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'I've never drunk very much water and I still don't, and I see no reason to do so': a qualitative study of the views of community-dwelling older people and carers on hydration in later life

Bhanu, C; Avgerinou, C; Kharicha, K; Bauernfreund, Y; Croker, H; Liljas, A; Rea, J; ... Walters, K; + view all (2020) 'I've never drunk very much water and I still don't, and I see no reason to do so': a qualitative study of the views of community-dwelling older people and carers on hydration in later life. Age Ageing , 49 (1) pp. 111-118. 10.1093/ageing/afz141. Green open access

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Abstract

BACKGROUND: dehydration is associated with significant adverse outcomes in older people despite being largely preventable and treatable. Little research has focused on the views of community-dwelling older people on hydration, healthy drinking and the perceived importance of drinking well in later life. OBJECTIVES: to understand community-dwelling older people and informal carers' views on hydration in later life and how older people can be supported to drink well. METHODS: qualitative study using interviews and a focus group exploring hydration and nutrition in later life (24 older people at risk of malnutrition and dehydration, 9 informal carers) and thematic analysis. RESULTS: this article presents the findings on hydration alone. Four themes are presented: perceptions of healthy drinking, barriers to and facilitators of drinking in later life and supporting older people to drink well. The perceived importance of adequate hydration in later life was polarised. Concerns about urinary incontinence and knowledge gaps were significant barriers. Consideration of individual taste preference and functional capacity acted as facilitators. Distinct habitual drinking patterns with medications and meals exist within individuals. Many relied on thirst at other times or when fluid demands are greater (such as hot weather), a known unreliable prompt in later life. CONCLUSIONS: older people could be supported to drink well by building upon existing habitual drinking patterns. Primary care and public health should consider individual barriers, facilitators and tailored education. A multidisciplinary approach to promote hydration should be incorporated into care for older people with more complex needs.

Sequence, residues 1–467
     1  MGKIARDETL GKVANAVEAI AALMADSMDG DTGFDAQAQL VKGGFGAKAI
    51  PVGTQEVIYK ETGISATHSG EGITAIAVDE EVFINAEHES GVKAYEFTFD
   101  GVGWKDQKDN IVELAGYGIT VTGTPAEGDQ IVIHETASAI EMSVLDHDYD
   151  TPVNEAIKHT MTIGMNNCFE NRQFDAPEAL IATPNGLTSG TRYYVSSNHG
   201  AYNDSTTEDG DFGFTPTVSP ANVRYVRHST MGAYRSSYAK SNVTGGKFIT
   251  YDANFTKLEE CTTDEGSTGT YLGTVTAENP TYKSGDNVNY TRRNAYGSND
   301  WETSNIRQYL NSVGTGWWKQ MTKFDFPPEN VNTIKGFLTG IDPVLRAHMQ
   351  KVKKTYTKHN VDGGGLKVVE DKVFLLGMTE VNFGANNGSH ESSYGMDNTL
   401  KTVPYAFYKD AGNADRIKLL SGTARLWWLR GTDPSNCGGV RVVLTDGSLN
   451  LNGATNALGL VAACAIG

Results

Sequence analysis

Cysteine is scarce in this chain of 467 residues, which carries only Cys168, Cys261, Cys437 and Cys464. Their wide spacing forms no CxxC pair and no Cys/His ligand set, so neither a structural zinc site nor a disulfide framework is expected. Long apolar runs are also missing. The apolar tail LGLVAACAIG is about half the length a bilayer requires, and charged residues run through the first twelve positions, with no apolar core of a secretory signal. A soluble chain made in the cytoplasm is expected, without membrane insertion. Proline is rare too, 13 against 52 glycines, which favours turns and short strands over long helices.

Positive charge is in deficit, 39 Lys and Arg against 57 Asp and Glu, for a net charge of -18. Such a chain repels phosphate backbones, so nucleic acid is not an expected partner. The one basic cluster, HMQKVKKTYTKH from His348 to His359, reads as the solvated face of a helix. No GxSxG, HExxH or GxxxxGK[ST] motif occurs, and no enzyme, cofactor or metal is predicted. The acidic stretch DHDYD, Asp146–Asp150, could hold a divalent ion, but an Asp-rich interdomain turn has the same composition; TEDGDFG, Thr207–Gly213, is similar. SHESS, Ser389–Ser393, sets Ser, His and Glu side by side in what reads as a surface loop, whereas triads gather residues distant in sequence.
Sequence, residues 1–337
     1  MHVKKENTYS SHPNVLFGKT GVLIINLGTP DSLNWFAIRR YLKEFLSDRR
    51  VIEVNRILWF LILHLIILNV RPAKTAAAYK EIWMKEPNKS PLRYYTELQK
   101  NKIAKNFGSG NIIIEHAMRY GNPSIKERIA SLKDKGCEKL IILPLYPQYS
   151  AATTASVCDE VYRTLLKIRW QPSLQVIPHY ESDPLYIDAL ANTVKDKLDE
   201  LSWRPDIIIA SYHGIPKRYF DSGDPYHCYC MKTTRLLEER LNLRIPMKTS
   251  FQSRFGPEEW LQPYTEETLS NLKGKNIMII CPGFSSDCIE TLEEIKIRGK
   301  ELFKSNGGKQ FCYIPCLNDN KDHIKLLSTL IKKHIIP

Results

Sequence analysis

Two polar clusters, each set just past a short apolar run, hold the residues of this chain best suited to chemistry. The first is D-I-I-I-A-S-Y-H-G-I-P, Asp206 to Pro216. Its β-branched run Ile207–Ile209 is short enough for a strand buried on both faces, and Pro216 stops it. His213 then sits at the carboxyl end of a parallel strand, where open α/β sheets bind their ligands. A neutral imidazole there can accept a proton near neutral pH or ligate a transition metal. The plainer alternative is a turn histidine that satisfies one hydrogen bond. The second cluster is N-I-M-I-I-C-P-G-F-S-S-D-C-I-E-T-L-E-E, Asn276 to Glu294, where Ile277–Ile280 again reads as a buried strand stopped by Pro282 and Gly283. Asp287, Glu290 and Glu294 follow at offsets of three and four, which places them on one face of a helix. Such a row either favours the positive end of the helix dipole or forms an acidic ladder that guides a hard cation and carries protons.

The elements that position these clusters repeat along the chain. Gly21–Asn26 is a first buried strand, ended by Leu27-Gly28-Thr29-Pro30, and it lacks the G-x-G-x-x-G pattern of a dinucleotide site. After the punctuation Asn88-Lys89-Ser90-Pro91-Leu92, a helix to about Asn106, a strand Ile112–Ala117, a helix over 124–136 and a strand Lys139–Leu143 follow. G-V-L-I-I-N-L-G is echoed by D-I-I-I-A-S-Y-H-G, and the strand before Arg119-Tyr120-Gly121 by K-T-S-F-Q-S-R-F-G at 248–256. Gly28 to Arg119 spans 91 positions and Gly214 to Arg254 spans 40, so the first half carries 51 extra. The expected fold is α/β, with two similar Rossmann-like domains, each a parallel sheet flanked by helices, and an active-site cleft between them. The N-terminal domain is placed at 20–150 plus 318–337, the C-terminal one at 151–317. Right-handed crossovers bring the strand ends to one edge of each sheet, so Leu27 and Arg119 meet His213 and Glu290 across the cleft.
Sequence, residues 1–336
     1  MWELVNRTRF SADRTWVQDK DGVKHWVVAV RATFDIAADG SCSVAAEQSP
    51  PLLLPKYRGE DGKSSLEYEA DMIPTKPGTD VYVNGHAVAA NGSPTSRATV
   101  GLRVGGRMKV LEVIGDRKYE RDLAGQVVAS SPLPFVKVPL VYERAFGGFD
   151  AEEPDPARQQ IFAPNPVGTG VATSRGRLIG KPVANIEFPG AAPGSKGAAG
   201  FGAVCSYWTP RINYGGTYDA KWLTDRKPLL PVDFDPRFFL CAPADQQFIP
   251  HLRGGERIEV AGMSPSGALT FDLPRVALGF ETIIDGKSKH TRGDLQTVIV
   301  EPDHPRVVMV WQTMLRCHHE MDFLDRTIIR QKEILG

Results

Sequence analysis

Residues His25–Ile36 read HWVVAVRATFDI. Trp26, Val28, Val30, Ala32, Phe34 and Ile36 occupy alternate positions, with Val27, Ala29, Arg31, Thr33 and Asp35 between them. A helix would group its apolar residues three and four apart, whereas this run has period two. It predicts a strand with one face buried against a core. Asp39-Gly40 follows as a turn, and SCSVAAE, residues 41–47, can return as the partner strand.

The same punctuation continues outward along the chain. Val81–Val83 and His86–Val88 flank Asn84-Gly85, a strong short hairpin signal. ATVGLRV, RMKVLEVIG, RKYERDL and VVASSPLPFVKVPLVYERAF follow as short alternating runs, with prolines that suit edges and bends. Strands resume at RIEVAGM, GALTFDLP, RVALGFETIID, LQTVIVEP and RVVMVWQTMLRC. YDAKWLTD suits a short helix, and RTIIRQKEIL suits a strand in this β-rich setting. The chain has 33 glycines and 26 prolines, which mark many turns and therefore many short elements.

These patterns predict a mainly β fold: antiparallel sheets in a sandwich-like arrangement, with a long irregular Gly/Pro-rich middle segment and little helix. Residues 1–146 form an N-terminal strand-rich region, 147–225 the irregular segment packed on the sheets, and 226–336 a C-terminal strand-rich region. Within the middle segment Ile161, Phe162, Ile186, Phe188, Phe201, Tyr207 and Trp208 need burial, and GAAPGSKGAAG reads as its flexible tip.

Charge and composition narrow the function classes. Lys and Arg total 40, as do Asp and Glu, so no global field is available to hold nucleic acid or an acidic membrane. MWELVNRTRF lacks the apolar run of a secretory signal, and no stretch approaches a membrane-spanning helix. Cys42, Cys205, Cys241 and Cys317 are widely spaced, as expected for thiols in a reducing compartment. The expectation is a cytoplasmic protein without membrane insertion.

Type: Article
Title: 'I've never drunk very much water and I still don't, and I see no reason to do so': a qualitative study of the views of community-dwelling older people and carers on hydration in later life
Location: England
Open access status: An open access version is available from UCL Discovery
DOI: 10.1093/ageing/afz141
Publisher version: https://doi.org/10.1093/ageing/afz141
Language: English
Additional information: © The Author(s) 2019. Published by Oxford University Press on behalf of the British Geriatrics Society. This is an Open Access article distributed under the terms of the Creative Commons Attribution Non-Commercial License (http://creativecommons.org/licenses/by-nc/4.0/).
Keywords: older people, carers, dehydration, hydration, qualitative research
UCL classification: UCL
UCL > Provost and Vice Provost Offices
UCL > Provost and Vice Provost Offices > School of Life and Medical Sciences
UCL > Provost and Vice Provost Offices > School of Life and Medical Sciences > Faculty of Population Health Sciences
UCL > Provost and Vice Provost Offices > School of Life and Medical Sciences > Faculty of Population Health Sciences > Institute of Epidemiology and Health
UCL > Provost and Vice Provost Offices > School of Life and Medical Sciences > Faculty of Population Health Sciences > Institute of Epidemiology and Health > Primary Care and Population Health
UCL > Provost and Vice Provost Offices > School of Life and Medical Sciences > Faculty of Population Health Sciences > UCL GOS Institute of Child Health
UCL > Provost and Vice Provost Offices > School of Life and Medical Sciences > Faculty of Population Health Sciences > UCL GOS Institute of Child Health > Population, Policy and Practice Dept
URI: https://discovery.ucl.ac.uk/id/eprint/10088154
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